At F&M's Phillips Museum, An Exhibit for All Seasons
Read the story on how faculty in several disciplines are using the landscapes in various contexts from aesthetic to historic to environmental.
Exhibit at F&M's Phillips Museum explores the landscape painting tradition of the Hudson River School
Read more: http://lancasteronline.com/article/local/901443_Exhibit-at-F-M-s-Phillips-Museum-explores-the-landscape-painting-tradition-of-the-Hudson-River-School.html#ixzz2glL6lV3P
In October 1825, Thomas Cole, a young, unknown artist, boarded a Hudson River steamboat at the New York City docks and traveled about 100 miles north to the village of Catskill, where he hiked into the mountains to sketch.
Upon his return the following month, he produced from his sketches three large landscape oil paintings of the Catskill wilderness that caught the attention of the New York art scene and launched an American art movement.
Selected masterworks of Cole and 11 other artists of the Hudson River School will be shown this fall in the Leonard and Mildred Rothman Gallery of the Phillips Museum of Art in the Steinman College Center off College Avenue at Franklin & Marshall College. "The Hudson River to Niagara Falls: 19th-Century American Landscape Paintings from the New-York Historical Society" runs from Sept. 13 to Dec. 15. The exhibition's sponsors are Jennifer M. and Mark S. Kuhn '85 and the Thomas A. and Georgina T. Russo Family Foundation.
This is the first time the exhibition has been shown outside of New York. It comprises 24 paintings, produced between 1818 and 1890, of landscapes, historic sites and natural wonders of the Empire State -- from the Hudson River, to the Catskill and Adirondack mountains, to Niagara Falls on the western boundary of the state.
The paintings are drawn from the venerable collection at the New-York Historical Society in Manhattan, the oldest museum in New York. This exhibition has been organized by the New-York Historical Society. It is part of the "Sharing a National Treasure Program," said Linda Ferber, vice president and senior art historian of the 209-year-old society.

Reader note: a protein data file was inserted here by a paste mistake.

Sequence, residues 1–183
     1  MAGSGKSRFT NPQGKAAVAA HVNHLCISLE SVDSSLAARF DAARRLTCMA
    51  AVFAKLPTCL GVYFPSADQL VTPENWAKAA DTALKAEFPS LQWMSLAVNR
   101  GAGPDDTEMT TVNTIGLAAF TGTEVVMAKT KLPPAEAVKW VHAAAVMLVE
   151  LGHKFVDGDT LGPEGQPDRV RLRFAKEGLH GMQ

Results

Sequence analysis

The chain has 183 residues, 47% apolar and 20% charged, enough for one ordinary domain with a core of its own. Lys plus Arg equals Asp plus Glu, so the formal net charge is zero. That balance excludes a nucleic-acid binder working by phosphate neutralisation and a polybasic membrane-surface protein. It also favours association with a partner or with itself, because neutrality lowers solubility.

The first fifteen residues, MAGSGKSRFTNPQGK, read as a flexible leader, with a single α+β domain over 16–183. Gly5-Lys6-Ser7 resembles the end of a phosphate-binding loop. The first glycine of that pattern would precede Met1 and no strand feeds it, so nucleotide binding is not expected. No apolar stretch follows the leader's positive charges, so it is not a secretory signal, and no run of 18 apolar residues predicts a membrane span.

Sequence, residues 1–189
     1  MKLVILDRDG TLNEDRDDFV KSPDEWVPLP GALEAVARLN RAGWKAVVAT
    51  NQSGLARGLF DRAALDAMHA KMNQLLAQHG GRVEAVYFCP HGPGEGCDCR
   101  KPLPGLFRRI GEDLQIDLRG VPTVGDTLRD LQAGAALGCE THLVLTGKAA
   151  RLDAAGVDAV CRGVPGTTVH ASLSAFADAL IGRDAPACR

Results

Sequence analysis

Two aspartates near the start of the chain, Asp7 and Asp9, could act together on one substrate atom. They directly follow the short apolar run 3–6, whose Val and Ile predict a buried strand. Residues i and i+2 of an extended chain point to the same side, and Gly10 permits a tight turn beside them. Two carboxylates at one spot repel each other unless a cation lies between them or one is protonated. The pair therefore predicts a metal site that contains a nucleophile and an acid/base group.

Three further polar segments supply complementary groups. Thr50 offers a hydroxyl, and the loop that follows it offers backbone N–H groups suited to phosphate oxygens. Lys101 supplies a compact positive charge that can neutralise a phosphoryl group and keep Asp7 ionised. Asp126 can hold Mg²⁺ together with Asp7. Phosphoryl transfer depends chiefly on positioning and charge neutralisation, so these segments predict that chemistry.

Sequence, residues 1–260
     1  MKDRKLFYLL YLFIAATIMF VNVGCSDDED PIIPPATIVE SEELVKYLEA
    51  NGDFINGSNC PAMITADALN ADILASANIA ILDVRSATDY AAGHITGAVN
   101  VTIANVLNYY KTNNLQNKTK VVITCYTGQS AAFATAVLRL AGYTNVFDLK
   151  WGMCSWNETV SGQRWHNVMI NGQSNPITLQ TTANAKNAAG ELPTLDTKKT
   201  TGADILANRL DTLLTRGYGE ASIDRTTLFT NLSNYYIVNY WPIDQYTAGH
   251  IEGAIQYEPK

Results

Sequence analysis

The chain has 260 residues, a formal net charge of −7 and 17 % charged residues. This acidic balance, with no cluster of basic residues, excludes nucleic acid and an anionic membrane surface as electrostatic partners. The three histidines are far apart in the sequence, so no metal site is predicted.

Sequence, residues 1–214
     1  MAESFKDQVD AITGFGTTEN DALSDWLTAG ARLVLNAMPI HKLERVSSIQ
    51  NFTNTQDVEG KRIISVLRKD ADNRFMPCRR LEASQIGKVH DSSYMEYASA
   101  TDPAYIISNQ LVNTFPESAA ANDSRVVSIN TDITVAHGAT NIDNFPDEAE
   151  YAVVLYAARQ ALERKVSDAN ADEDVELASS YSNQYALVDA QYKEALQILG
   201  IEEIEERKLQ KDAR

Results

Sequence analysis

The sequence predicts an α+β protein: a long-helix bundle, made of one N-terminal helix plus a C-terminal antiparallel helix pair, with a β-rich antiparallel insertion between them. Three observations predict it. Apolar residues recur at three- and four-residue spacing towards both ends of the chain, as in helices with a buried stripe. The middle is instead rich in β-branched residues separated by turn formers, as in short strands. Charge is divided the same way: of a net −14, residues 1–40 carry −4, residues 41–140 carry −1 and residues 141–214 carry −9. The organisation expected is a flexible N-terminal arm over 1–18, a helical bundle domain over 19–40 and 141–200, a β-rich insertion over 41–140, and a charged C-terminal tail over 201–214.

"This is the first of our travel shows to visit a campus outside of New York State, [and] we are especially delighted to share these important paintings with the Phillips Museum at Franklin & Marshall College," said Linda Ferber. "One of the goals of 'Sharing a National Treasure' is to bring important exhibitions to college and university museums where they can provide rich teaching opportunities, whether lectures, symposia or, best of all, courses organized around their content."
David Schuyler, F&M's Arthur and Katherine Shadek Professor of Humanities and American Studies, is incorporating the exhibition in his foundations course, "Rivers and Regions," and his "American Landscape" class. Michael Clapper, art history professor and department chair of art and art history, will use it in his "American Art" class, and professors of American Studies Louise Stevenson and Alison Kibler will include it in their "American Studies Senior Seminar." Fourteen other classes also plan to use the exhibition in their coursework.
Themes of discovery, exploration and settlement are reflected in the landscapes, and people are depicted comparatively small against the enormity of the nature around them. Among the paintings to be displayed are Cole's "Sunset View on the Catskill," from 1833, and Asher B. Durand's "View of the Shandaken Mountains," from 1853.
These two painters and their works were critical to the movement's growth, said Schuyler, author of the 2012 award-winning book "Sanctified Landscape: Writers, Artists and the Hudson River Valley, 1820–1909."
Cole was a deeply spiritual man, seeing the divinity reflected in nature. He emigrated in 1818 from England at age 17, and had been an itinerant portrait artist in cities such as Philadelphia and Pittsburgh before he journeyed up the Hudson River and into American cultural history.
Durand, one of three patrons who purchased the landscapes Cole had completed upon returning from the Catskill Mountains in 1825, was an engraver. By the 1830s, though, he had become a landscapist. His detail in trees and rocks helped define Hudson River School painting. He would go on to mentor other painters.